(3) Thirst for Justice
(3.1) When the same monastery began to have problems related to the pagarch of Antaeopolis, Dioscorus wrote a petition—as pointless as it may have seemed to him—to the duke. This and the petition discussed earlier (P.Cair.Masp. I 67002) are two of at least four petitions composed in Antinoöpolis that address problems relating to the pagarchs of Antaeopolis. In the case involving the monastery, it seems that a certain Ezekiel (“a gossip and informer and malicious”) was trying to seize land that had been donated to the monastery as an offering by a widow for her and her late husband’s souls. The embassy of monks who solicited the petition from Dioscorus end it with the following request: “For which reason we, swearing by the Holy Trinity, call upon Your Highness, if disposed, to command the pagarch of Antaeopolis and its warden to turn him [Ezekiel] away from us” (lines 24-25). This request suggests that Ezekiel was not taking the land for personal reasons, but was acting under the jurisdiction of the pagarch and his assistant tax-collector, and was perhaps employed by them. This petition was made circa 566/7, as was the petition P.Cair.Masp. I 67002 above.
"Crosses." Kom Ishqaw (Aphrodito), Egypt. Photo © 1995, 2011 C. Kuehn
(3.2) From the same period comes one of Dioscorus’s most powerful and mysterious prose work, P.Lond. V 1677: a formal explanation addressed to an unidentified magister (“master”, sometimes used as a title in the papyri). Again it concerns the cruelty of the pagarch Menas. But unlike the petition P.Cair.Masp. I 67002, which was on behalf of all Aphrodito, this petition is on behalf of Dioscorus, his sister’s family, and his own son. What first strikes a reader as strange is that Dioscorus wrote his own name centered on a separate line of the recto (“front”) and enclosed it between crosses. And he began the verso (“back”) with a cross and the Christian abbreviation χμγ//. After two lines of high but general praise, Dioscorus says simply that the master’s benevolence has a universal reputation, and that the master is concerned for everyone’s spiritual wellbeing. In the following formal explanation, Dioscorus recounts a crime by Menas that was previously described in the petition to the duke: Menas transferred Dioscorus’s lands at Phthla to his assistant and the shepherds of that village, leaving the tax liability to the poet. Dioscorus now adds that Menas forced Dioscorus’s brother-in-law Apollos to take the office of headman of Aphrodito. And then claiming that the village was in arrears in its tax payments, Menas sent a group of men to pillage Apollos’ home. The pagarch also handed Apollos’ land over to the shepherds of Phthla, and thereby reduced him and his children to poverty.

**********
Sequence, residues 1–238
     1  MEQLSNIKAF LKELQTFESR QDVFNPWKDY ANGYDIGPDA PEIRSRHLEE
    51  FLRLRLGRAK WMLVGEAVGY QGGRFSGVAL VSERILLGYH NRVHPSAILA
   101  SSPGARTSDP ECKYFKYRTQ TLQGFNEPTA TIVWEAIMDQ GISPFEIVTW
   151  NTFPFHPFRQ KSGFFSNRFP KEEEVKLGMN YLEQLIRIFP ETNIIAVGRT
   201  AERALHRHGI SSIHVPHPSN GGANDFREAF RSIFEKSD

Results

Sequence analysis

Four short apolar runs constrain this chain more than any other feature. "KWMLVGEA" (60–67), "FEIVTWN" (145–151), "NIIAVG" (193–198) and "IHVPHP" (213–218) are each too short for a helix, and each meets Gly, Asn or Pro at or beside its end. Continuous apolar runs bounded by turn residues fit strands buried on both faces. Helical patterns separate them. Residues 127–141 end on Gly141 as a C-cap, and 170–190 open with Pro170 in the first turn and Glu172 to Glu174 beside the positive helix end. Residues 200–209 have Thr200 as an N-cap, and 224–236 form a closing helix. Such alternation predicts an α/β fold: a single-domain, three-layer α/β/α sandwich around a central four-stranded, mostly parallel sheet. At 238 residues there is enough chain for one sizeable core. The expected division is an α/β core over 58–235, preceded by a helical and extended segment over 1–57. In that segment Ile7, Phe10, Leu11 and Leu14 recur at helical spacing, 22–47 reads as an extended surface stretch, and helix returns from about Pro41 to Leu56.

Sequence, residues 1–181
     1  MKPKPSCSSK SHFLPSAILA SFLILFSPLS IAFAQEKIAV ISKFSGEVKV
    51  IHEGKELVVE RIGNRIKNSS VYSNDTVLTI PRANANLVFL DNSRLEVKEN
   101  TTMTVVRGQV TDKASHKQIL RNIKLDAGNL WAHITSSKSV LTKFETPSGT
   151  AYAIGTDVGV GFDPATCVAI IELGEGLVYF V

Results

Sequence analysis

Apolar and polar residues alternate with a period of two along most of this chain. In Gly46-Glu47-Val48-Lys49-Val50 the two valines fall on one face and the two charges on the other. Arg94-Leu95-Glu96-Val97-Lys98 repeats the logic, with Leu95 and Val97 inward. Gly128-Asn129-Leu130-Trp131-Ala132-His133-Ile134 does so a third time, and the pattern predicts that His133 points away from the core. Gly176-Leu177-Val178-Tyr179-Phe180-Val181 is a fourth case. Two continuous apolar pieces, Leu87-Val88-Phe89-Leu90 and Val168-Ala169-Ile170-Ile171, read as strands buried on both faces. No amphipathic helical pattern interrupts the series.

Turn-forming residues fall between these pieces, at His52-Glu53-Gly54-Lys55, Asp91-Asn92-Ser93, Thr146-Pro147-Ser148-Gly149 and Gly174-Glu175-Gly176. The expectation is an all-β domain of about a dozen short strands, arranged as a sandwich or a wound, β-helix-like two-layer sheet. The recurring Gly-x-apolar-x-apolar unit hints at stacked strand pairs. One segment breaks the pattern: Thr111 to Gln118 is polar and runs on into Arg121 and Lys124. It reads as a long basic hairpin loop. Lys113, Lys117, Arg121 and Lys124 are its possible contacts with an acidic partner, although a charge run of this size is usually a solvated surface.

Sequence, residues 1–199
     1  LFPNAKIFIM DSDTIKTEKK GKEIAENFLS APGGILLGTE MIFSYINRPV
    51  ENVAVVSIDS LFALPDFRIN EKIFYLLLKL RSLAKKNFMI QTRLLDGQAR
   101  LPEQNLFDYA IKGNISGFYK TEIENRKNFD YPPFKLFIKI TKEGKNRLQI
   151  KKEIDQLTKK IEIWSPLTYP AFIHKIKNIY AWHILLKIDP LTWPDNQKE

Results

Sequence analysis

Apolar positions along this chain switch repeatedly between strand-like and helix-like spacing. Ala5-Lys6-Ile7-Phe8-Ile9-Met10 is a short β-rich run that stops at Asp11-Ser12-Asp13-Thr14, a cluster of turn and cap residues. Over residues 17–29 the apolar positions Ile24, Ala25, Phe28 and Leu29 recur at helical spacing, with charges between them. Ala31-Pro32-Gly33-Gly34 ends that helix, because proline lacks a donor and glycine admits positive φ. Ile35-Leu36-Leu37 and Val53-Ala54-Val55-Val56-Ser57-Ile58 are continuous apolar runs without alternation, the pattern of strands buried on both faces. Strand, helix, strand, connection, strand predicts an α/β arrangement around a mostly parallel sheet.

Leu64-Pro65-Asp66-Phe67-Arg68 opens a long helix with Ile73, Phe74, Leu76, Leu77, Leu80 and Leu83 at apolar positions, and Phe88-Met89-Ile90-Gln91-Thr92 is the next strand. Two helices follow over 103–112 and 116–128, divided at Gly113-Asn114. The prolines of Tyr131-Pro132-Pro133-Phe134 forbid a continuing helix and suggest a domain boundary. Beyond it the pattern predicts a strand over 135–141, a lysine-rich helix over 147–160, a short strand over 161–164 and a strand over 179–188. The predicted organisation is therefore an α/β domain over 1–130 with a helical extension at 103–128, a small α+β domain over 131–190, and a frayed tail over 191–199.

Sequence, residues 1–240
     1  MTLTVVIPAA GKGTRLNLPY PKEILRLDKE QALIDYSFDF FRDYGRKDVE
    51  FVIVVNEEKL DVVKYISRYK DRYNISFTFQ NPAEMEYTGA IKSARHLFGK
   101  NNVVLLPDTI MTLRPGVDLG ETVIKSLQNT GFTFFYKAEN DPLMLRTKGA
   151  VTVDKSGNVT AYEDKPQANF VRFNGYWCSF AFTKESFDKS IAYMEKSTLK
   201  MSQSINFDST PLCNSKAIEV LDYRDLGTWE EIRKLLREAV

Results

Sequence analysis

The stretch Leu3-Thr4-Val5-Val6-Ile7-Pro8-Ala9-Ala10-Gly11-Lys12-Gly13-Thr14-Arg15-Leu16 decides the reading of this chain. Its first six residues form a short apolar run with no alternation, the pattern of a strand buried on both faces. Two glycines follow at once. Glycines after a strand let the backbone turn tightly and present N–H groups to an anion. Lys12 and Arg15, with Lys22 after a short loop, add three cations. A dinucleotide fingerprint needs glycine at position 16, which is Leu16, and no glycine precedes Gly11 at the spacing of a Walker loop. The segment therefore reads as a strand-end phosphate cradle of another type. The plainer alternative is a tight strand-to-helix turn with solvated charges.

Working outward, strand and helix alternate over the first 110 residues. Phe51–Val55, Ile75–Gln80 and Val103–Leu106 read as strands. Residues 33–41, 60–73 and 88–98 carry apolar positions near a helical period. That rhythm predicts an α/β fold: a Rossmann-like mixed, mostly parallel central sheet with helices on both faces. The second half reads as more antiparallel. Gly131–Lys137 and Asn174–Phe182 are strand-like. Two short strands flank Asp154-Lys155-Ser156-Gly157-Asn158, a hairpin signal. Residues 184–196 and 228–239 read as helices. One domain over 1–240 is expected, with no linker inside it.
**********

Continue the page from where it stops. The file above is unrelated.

"Back Alley." Kom Ishqaw (Aphrodito), Egypt. Photo © 1995, 2011 C. Kuehn
Not content with these crimes, Menas claimed that Dioscorus’s own son—an older son who obviously had not gone to Antinoöpolis with his father—was now responsible for the missing taxes. And the pagarch had the son arrested. At the end of the petition, there is an indication that the taxes had been paid, but that the receipts had been stolen with the rest of the belongings in Apollos’ home. This petition, although dealing with the same evils, is different from Dioscorus’s other petitions in several aspects. In addition to the two peculiarities mentioned above, Dioscorus does not ask for a specific redress. He is doing no more than painfully expressing his personal grief to some higher power.
"Pink." Kom Ishqaw (Aphrodito), Egypt. Photo © 1995, 2011 C. Kuehn